A casino is a public place where games of chance are played and where gambling is the primary activity. Some casinos add other luxuries such as restaurants and free drinks to attract gamblers, but any place that houses these activities and encourages players to wager money can be considered a casino.
Due to the large amount of money handled within a casino, both patrons and staff may be tempted to cheat or steal in collusion or independently; this is why most casinos spend a great deal of time and effort on security. The simplest measure is to have security cameras located throughout the casino, but there are also more subtle measures. For example, the way dealers handle cards and the expected reactions of other players all follow certain patterns that are easy for security people to spot.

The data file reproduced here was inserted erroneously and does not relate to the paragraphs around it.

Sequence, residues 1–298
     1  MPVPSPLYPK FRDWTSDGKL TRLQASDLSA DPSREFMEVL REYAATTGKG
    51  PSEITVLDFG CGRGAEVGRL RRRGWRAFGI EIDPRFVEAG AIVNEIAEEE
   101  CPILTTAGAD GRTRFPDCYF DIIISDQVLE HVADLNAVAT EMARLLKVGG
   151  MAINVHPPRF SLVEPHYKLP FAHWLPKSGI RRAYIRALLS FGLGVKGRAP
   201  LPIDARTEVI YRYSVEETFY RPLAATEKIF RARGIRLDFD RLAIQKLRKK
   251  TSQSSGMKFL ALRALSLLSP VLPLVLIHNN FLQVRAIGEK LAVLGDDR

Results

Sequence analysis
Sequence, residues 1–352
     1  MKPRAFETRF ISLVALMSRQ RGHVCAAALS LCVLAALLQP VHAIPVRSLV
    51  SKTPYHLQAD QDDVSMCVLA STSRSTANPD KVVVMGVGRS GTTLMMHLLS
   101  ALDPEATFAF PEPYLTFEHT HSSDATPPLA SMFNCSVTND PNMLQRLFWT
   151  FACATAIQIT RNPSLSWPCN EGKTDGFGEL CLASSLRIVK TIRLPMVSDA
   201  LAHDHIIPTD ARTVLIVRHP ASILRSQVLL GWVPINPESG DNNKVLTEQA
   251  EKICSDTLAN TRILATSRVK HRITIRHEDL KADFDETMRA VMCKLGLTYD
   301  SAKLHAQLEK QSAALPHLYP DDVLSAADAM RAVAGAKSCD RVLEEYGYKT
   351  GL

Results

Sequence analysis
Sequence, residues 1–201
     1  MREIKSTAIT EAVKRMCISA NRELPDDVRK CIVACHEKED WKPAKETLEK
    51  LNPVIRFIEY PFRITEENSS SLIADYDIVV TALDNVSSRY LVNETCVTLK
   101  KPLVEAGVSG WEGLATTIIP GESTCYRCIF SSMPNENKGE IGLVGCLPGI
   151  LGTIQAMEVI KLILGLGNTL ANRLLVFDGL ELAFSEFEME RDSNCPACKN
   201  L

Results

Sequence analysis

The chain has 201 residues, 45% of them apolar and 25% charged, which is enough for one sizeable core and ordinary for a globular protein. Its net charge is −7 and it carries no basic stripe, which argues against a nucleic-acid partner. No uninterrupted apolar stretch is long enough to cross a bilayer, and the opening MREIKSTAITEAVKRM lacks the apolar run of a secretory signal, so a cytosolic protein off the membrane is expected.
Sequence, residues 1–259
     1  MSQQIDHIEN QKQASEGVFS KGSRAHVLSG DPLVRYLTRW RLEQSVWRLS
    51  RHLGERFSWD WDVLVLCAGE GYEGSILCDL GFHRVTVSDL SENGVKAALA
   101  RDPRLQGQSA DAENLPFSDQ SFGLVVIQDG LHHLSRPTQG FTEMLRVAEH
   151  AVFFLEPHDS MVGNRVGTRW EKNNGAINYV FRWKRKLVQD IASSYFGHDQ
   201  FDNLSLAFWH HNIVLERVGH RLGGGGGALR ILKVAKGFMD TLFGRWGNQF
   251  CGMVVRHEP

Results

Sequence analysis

Local casinos can also provide significant amounts of revenue for a community, bringing in money that could be used to reduce property tax rates, increase wages in the area, or fund other projects. This is especially true in communities where unemployment is high and other sources of income are scarce. Several studies have shown that communities with casinos see greater economic growth, even after controlling for a number of other factors. It is thought that this is due to the increased employment opportunities created by casinos, as well as a trickle-down effect whereby businesses in other industries benefit from casino patrons spending money.